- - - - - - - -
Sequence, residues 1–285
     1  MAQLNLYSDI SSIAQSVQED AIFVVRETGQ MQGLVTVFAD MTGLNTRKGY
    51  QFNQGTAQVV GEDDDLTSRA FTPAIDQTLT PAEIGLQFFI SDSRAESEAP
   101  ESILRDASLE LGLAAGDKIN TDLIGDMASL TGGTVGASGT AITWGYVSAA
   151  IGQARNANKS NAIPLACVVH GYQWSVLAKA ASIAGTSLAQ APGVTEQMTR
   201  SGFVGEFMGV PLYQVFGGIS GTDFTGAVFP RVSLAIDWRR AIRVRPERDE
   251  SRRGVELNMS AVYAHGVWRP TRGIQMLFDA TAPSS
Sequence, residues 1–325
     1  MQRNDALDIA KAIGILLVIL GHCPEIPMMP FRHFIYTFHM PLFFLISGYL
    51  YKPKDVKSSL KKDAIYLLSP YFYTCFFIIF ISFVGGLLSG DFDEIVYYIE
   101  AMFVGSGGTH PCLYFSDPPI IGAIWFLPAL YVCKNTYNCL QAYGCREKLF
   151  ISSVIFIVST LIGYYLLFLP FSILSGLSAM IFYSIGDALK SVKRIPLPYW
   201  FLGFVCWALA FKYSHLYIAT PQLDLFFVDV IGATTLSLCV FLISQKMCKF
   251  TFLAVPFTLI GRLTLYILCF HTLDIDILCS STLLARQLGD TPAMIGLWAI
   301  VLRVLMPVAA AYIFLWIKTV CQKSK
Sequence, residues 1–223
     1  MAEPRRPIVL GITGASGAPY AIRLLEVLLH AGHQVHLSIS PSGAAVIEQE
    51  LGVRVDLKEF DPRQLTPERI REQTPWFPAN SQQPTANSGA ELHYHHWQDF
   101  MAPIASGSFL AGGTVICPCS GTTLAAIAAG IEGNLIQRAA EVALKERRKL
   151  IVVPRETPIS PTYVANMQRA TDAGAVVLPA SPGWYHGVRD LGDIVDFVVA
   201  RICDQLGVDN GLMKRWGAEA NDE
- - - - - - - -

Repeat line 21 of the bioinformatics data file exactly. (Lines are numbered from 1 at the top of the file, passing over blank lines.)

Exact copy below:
   201  RICDQLGVDN GLMKRWGAEA NDE